This photo shows a jar of plastic confetti from a Pacific trawl sample by Project Kaisei in August 2009. (photo by A. Crawley courtesy of Project Kaisei) The plastic confetti will continue to disintegrate into smaller and smaller pieces entering the food chain, poisoning marine wildlife and eventually humans. I fear that we’ve created a plastics time bomb that will last for centuries.

"Ban the Bag" Action Heats Up in California
When San Francisco’s Board of Supervisors voted to ban plastic bags at grocery stores and pharmacies in 2007, many cities and local governments woke up to the serious issue of plastic litter, pollution and waste. Unfortunately the plastics industry woke up to their business threat. As other cities started to jump on the bandwagon the plastics industry countered with lawsuits. They gained early success blocking bans in Oakland and Manhattan Beach, by getting them overturned in California courts. This caused many other California cities to pause on this issue rather than fight, but the tide is now turning.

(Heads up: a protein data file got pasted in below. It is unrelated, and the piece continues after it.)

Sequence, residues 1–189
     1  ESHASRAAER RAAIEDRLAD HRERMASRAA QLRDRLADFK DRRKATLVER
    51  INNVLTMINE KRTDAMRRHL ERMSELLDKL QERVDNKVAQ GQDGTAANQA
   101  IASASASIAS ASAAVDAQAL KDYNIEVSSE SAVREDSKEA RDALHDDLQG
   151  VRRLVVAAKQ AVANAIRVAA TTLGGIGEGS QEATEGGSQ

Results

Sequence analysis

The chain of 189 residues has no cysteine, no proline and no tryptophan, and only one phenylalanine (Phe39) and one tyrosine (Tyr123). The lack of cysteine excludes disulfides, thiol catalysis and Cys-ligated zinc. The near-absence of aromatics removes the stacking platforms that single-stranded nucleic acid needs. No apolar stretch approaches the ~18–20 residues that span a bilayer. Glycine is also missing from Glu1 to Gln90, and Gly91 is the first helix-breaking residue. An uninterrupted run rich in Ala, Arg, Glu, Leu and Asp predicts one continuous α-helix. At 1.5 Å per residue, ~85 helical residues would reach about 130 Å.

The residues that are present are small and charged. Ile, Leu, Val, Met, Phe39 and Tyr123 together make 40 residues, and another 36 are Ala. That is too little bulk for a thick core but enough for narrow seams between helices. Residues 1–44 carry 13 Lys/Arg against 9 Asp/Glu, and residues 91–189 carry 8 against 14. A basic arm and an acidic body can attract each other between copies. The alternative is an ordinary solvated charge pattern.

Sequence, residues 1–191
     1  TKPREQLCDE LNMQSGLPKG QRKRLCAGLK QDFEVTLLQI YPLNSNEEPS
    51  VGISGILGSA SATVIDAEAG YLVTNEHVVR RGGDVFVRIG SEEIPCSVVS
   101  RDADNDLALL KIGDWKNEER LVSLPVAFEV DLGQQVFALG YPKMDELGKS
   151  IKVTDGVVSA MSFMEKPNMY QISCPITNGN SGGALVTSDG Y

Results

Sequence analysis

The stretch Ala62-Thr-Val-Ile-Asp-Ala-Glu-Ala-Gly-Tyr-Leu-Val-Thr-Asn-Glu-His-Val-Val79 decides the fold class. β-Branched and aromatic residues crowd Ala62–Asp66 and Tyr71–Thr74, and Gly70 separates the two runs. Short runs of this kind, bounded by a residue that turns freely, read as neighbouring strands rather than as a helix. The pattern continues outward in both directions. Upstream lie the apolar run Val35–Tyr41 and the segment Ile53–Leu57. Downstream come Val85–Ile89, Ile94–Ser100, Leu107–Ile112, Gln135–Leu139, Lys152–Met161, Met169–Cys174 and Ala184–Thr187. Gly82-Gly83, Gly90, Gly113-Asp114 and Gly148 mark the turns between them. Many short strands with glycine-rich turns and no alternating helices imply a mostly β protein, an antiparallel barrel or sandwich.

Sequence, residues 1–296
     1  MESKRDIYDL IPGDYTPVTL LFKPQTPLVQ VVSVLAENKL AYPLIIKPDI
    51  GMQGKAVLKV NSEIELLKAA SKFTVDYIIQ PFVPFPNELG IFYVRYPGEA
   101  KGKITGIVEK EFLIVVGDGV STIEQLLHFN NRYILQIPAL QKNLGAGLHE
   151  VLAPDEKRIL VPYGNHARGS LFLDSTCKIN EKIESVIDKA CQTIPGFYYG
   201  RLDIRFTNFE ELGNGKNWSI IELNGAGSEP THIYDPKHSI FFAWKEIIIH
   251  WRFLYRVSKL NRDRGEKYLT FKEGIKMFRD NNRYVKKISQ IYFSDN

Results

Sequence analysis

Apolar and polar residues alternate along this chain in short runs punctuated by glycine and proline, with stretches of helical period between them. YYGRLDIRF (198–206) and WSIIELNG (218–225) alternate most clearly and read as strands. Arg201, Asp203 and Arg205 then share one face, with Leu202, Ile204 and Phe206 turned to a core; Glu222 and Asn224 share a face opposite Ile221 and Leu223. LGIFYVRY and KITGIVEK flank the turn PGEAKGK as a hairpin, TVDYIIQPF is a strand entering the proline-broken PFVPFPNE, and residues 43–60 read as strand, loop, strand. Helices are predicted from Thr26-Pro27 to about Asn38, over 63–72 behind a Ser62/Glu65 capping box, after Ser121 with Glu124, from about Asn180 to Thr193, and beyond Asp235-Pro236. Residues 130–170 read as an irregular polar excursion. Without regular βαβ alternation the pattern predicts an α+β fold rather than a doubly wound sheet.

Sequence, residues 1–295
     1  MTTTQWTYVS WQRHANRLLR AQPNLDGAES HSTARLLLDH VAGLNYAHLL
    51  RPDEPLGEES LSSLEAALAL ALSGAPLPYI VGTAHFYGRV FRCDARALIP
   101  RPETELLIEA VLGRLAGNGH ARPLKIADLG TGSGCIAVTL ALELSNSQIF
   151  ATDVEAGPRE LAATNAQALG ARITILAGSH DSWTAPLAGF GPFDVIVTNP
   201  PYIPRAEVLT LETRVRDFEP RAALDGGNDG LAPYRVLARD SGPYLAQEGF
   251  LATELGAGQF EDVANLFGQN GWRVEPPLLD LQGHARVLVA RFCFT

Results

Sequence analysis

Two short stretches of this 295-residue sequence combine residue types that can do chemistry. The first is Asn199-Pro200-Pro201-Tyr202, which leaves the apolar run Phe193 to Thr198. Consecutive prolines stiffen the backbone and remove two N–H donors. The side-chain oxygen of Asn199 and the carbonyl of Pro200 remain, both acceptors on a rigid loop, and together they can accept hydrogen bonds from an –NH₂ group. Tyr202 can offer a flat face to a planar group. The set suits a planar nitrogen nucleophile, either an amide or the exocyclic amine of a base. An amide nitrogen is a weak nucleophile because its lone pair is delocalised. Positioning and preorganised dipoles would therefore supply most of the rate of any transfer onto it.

Plastics Industry Rallies to Win Round One
Through an organization SaveThePlasticBag.com, formed in June 2008, the plastics industry aggressively fought back. Ironically they used a 1970s California environmental law that was designed to protect the environment, to support their position. The California Environmental Quality Act required cities to perform an Environmental Impact Report (EIR) before approving development projects.

SaveThePlasticBag.com claims that paper bags, the alternative to plastic bags, are more harmful to the environment than plastic. We wrote a detailed article on Paper vs. Plastic Bags earlier this year, and it’s a very debatable argument. Arguing that plastic shouldn’t be banned without environmental review, they were able to convince judges that cities should commission an EIR before enacting a plastic bag ban. With those reports costing up to $100,000 many cities dropped the idea rather than fight back.